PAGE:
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Starbucks to Stop Using Bug Extract to Color Frappuccinos

April 19 (Bloomberg) -- Starbucks CEO Howard Schultz speaks to Bloomberg's Margaret Conley to discuss the company's massive efforts in China, and his view of the U.S. labor situation. (Source: Bloomberg)

Starbucks Corp. (SBUX), the world’s largest coffee-shop chain, plans to stop using an extract made of dried insects to color some Frappuccinos and pastries after an online campaign asked for the ingredient to be removed.

The retailer said today its U.S. stores will phase out by June use of a red dye derived from cochineal insects, a tropical bug found in Mexico and South America. The colorant will be replaced with lycopene, a tomato extract, the Seattle-based company said in a statement on its website.

More than 6,500 people signed a Change.org petition asking Starbucks to stop using the insects because it isn’t vegan, kosher, and consumers “don’t want crushed bugs in their designer drinks.” The extract had been used in the company’s Strawberries & Creme Frappuccino, Strawberry Banana Smoothie, raspberry swirl cake, birthday cake pop, mini donut with pink icing and red velvet whoopee pie, according to the statement.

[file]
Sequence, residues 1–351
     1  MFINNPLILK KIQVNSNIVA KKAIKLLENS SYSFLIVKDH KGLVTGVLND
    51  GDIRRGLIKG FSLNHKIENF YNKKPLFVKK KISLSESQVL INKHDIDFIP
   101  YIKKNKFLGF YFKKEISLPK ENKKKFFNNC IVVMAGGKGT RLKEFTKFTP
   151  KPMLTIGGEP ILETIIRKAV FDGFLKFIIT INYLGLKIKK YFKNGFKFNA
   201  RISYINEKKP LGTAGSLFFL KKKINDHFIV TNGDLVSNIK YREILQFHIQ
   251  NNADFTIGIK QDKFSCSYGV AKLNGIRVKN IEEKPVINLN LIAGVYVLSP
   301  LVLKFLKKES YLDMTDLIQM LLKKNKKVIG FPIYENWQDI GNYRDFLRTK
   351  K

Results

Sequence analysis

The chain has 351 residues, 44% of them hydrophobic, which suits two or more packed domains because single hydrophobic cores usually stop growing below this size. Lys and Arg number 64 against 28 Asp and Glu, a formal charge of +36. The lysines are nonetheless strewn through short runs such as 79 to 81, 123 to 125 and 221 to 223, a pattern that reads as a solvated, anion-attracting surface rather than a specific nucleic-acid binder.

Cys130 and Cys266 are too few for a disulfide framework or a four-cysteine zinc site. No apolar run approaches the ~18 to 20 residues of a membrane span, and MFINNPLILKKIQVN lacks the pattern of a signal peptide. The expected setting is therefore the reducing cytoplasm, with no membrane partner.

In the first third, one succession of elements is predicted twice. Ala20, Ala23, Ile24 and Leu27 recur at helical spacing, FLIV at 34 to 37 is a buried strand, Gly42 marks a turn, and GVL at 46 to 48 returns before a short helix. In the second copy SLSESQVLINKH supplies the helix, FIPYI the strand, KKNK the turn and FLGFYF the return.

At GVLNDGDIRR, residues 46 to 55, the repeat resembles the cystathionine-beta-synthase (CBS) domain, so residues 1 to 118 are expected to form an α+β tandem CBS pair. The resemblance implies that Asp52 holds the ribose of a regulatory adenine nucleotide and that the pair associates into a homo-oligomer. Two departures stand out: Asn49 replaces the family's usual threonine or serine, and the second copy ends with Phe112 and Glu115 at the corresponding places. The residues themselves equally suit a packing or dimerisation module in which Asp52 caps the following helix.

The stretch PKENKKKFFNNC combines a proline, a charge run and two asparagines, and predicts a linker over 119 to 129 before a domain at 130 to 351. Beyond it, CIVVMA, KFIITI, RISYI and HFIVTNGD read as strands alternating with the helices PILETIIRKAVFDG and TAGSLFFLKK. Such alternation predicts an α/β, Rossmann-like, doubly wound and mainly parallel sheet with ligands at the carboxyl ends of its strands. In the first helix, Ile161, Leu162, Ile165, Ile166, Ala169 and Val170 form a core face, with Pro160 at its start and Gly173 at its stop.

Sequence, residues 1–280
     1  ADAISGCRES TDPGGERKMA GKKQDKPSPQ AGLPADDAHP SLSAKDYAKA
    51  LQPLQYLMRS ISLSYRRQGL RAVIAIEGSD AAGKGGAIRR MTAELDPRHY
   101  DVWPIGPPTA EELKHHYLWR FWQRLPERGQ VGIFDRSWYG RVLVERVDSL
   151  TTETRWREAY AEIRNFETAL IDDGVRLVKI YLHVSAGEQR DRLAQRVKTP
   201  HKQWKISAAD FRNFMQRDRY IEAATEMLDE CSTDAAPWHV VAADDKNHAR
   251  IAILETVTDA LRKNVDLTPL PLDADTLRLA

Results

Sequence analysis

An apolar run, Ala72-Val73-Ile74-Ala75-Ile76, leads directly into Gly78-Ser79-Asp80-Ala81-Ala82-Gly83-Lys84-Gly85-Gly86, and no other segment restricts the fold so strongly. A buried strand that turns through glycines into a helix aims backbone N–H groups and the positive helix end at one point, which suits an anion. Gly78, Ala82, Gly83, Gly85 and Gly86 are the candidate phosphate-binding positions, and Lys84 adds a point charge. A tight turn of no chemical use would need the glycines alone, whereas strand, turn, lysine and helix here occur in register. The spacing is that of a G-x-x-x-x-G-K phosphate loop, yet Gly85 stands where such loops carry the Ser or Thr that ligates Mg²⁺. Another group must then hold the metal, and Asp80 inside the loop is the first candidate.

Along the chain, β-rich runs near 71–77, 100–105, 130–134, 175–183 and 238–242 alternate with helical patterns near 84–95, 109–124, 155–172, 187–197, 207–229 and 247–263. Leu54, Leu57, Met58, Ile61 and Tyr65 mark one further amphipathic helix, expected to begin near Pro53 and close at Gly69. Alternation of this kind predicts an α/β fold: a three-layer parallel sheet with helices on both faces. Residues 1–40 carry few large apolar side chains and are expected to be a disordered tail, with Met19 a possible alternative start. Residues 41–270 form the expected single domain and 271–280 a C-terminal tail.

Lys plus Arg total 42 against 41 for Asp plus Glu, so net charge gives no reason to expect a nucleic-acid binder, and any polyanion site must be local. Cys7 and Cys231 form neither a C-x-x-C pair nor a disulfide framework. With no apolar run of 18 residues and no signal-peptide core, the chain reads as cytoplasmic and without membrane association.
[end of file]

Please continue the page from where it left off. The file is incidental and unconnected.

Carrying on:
“We’ve learned that we fell short of your expectations by using natural cochineal extract as a colorant,” Cliff Burrows, Starbucks president for the U.S. and the Americas, said in the statement. “As our customers you expect and deserve better -- and we promise to do better.”

While the initial switch is for domestic products, the company is “evaluating markets outside the U.S. right now, but no definitive decision has been made yet,” Jim Olson, a spokesman for Starbucks, said in a telephone interview.

There is no safety or quality issue with the extract, which is a widely used ingredient approved by the U.S. Food and Drug Administration, Olson said. Starbucks made the decision to stop using the coloring because the company “heard from a fair number of customers that this particular ingredient wasn’t exceeding their expectations,” he said.

Change.org, a social action website that lets people start online petition drives for various causes, said in a statement today that each signature on the Starbucks petition triggered an e-mail directly to the company’s headquarters.

To contact the reporter on this story: Stephanie Armour in Washington at sarmour@bloomberg.net

To contact the editor responsible for this story: Reg Gale at rgale5@bloomberg.net

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